Seventeen Interesting Facts You Probably Didn’t Know About Christenings

A christening, or baptism, marks the start of a child’s journey with God and membership in the Church. The ceremony is rooted in ancient traditions, some of which may surprise you. Here are 17 interesting facts about christenings.

1. Christening is the practice of inducting a child into the Christian faith

The purpose of christening is to enrol a child into the Church. It’s applied to small children, and is generally combined with the bestowal of the child’s name. It incorporates the child’s baptism with water.

Infant baptism arose as a universal practice during the Christian conquest of the pagan world. This was done to cement the position of the Christian church, and to address the concept of original sin – sin inherent in every human being.

Infant baptism gave adults a stake in the child’s faith, as it required them to make promises on behalf of a child too young to make their own, and to follow through by upholding Christian faith and traditions. This remains the function of the christening rite today.


2. The term ‘christening’ is English in origin

Christening is a traditional English word meaning to ‘become a member of the Christian church’. It’s derived from the Old English cristnian, to ‘make Christian’, and was first recorded in about 1200AD. The use of the term to refer to the naming of a person or object is not strictly correct, but can trace its origins back almost as far.

3. Christening is different from baptism

The word baptism comes from the Greek baptizein, which means ‘to be immersed in water’. Baptism, like christening, is the welcoming of an individual into the church. Indeed baptism takes place as part of the christening ritual. However, baptism requires the individual to commit to a life course of their own free will, something that can’t be done by a young child. Thus, the christening ceremony came about as one appropriate for a child. Christening allows for promises made at baptism to be made on behalf of the individual, where that individual is too young to understand them themselves.

There’s also the nature of sin to be washed away. Baptism was designed to wash away all pre-baptismal sin, whilst christening washes away ‘original’ sin. After all, there’s little sin that a newborn child can have committed.


4. It’s possible to be baptised on your deathbed

Last minute conversion to Christianity has a great deal of historical precedent, particularly at times of religious upheaval. It can be seen as an attempt to embrace Christianity and repent from a lifetime of sin, but has also been done for the wrong reasons in the past. In the early days of Christianity it was commonplace to defer baptism until the last, so that the individual involved could continue to live the lifestyle they desired before adopting the stricter Christian standards. It also removed the problem of having to deal with post-baptismal sins through penance.

The impact of this on the development of christening is simple. For the vast majority of Christian history, children have suffered an extremely high mortality rate. Until relatively recently, it was not uncommon for a newborn child to die within a couple of weeks of birth, so a rapid christening was essential to bring the child to faith before death. Waiting for the child to be old enough to undergo ordinary baptism was not an option.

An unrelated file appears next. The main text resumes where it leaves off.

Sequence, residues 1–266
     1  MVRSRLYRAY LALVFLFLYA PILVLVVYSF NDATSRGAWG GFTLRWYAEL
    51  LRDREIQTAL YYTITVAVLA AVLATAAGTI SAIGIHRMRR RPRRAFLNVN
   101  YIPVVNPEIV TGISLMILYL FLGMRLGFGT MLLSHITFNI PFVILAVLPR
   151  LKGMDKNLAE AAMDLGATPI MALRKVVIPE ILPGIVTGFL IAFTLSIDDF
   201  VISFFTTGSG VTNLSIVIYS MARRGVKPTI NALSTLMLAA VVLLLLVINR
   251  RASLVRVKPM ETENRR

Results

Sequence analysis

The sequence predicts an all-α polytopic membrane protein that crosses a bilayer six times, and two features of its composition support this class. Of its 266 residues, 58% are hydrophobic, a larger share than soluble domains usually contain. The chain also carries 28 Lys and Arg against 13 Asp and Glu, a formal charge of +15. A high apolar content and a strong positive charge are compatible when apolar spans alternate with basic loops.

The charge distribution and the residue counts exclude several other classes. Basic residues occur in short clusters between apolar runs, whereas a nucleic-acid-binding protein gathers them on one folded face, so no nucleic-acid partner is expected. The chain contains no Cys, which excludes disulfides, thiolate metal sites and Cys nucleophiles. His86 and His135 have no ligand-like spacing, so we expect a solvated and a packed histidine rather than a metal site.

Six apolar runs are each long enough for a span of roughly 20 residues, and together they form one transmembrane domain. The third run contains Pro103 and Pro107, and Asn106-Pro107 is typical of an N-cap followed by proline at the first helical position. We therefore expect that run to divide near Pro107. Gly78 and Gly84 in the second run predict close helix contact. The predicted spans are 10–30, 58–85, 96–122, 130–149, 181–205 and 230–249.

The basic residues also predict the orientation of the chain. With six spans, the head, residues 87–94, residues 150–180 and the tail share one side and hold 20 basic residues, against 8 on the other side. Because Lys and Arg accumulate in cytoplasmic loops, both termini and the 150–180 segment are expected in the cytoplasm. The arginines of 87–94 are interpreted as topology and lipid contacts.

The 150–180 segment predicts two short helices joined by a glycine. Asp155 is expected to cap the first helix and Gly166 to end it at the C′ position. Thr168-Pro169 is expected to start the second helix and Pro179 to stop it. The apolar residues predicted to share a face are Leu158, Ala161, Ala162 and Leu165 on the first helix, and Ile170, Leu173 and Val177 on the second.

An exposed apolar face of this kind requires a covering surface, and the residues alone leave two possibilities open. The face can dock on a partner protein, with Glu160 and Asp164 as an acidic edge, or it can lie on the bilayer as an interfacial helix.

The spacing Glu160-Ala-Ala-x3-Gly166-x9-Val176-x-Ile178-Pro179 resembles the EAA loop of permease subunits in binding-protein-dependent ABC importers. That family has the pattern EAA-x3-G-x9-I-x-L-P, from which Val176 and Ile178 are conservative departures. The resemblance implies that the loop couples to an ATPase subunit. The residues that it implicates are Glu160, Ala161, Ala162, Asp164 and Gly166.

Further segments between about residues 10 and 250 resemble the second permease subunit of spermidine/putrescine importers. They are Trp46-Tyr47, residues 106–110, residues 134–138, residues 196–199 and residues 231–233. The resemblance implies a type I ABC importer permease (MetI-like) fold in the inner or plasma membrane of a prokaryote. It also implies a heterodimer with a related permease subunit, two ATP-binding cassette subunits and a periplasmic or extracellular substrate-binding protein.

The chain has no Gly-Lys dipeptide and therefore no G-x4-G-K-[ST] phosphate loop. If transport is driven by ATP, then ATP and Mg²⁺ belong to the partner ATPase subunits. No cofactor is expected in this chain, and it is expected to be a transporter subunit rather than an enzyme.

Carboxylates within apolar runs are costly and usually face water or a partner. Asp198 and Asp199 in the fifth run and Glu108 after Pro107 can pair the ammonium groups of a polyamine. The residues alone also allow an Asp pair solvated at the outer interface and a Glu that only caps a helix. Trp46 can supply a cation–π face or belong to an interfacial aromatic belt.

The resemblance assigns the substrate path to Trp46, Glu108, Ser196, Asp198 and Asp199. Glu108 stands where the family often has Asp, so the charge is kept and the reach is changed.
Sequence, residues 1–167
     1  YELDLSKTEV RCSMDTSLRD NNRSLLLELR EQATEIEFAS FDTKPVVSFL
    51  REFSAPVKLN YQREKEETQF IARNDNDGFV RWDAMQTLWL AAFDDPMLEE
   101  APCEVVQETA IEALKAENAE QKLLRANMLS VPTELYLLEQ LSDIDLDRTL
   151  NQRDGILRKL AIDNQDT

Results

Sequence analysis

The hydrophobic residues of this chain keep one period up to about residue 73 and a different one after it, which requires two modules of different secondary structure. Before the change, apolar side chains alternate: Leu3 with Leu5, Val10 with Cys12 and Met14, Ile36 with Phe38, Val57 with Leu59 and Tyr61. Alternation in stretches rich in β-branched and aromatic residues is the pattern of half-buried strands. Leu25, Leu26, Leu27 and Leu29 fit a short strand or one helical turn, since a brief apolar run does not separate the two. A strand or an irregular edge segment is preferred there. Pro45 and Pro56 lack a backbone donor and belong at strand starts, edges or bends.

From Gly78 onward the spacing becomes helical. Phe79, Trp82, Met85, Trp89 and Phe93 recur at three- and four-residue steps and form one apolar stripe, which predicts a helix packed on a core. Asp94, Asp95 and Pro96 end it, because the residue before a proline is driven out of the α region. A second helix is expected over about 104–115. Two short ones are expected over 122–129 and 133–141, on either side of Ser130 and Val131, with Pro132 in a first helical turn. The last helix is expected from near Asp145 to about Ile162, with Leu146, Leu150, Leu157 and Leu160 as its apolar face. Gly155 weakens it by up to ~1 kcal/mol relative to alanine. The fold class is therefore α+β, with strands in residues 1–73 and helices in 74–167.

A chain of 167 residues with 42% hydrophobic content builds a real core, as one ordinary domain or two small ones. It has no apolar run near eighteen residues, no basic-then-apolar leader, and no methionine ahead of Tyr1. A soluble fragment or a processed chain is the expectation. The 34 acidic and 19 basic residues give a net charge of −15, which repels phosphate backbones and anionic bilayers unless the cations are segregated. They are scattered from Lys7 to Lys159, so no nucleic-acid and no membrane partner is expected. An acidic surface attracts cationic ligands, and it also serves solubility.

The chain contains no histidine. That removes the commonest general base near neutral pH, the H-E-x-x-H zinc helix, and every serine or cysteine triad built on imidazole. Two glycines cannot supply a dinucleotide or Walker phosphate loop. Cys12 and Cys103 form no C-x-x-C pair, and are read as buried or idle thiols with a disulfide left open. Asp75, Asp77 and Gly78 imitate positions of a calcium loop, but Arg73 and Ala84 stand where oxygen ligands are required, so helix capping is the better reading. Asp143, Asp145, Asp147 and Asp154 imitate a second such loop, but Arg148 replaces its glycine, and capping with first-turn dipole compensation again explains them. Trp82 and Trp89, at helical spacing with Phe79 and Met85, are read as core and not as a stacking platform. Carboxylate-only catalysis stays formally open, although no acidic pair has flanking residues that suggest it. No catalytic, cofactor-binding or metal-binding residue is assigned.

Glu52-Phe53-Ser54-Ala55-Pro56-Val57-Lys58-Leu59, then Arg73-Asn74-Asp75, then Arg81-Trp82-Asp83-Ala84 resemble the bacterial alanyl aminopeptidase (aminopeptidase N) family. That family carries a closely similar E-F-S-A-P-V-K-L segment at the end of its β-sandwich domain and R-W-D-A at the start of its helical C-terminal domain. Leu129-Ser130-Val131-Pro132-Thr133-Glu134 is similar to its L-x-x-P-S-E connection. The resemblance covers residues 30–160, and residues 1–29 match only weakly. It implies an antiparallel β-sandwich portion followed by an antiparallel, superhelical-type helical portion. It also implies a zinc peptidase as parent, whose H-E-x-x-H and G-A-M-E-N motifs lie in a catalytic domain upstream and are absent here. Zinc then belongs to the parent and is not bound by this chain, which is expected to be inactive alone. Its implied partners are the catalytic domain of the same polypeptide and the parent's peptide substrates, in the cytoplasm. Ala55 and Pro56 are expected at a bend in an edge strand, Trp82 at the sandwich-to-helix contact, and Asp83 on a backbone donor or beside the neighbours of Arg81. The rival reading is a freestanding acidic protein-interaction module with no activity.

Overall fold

5. Christening is multi-denominational

Surprisingly if you’re christened into one part of Christianity, the Catholic Church for instance, your christening will remain equally valid should you decide to enter a different denomination, such as the Church of England.

This is the natural result of all Christian denominations’ universal belief that you can only be christened once, so if individuals converting between faiths are forced to undergo christening again it would negate that belief. Therefore, a simple profession of faith is normal when entering a new church. So whether you’re Catholic, Orthodox, Anglican or Lutheran and you wish to join a different congregation, your christening remains valid. It really is a ‘once in a lifetime’ rite.

6. Baptism can be carried out by anyone

Whilst it’s generally accepted that baptism or christening should be carried out by an ordained priest, it’s a unique rite in that, in extremis, can be carried out by anybody. If an individual is in imminent danger of death, anybody who has already been baptised can carry out the ceremony. This is called an emergency baptism.

The name of the individual should be given, with the words; ‘I baptise you in the name of the Father, and the Son, and the Holy Spirit.’ Water is poured over the individual’s head and the Lord’s Prayer recited. The person who administers the baptism must inform the local parish priest so it can be recorded. This act can be carried out at birth too, if a child’s life is in danger.


7. There’s no age limit for a christening

A christening is simply designed so a child who has not sinned, and can’t, in good faith, make promises that binds them for the rest of their life, can be baptised.

Baptism is the principal purpose of christening so technically there’s no upper age limit. However, it would be expected that by the age of about seven, a child would be able to speak fluently enough and have the knowledge required to make the promises for themselves. When that becomes the case, baptism is deemed more appropriate.

8. Godparents are an essential requirement

Not so much these days, but in past times the true role of the godparents was to take responsibility for bringing up the child should the child’s parents die. Godparents were nominated by the parents with this in mind, and would often be those who were physically close and able to take on that responsibility as quickly and easily as possible.

Nowadays the emphasis of godparents is much more about giving the child access to another adult who will help to guide them through the bigger issues of life including their faith. In many denominations, religious guidance is a key requirement to ensure the child lives a life of observance of their faith. However they can also be good fun to stay with over the school holidays!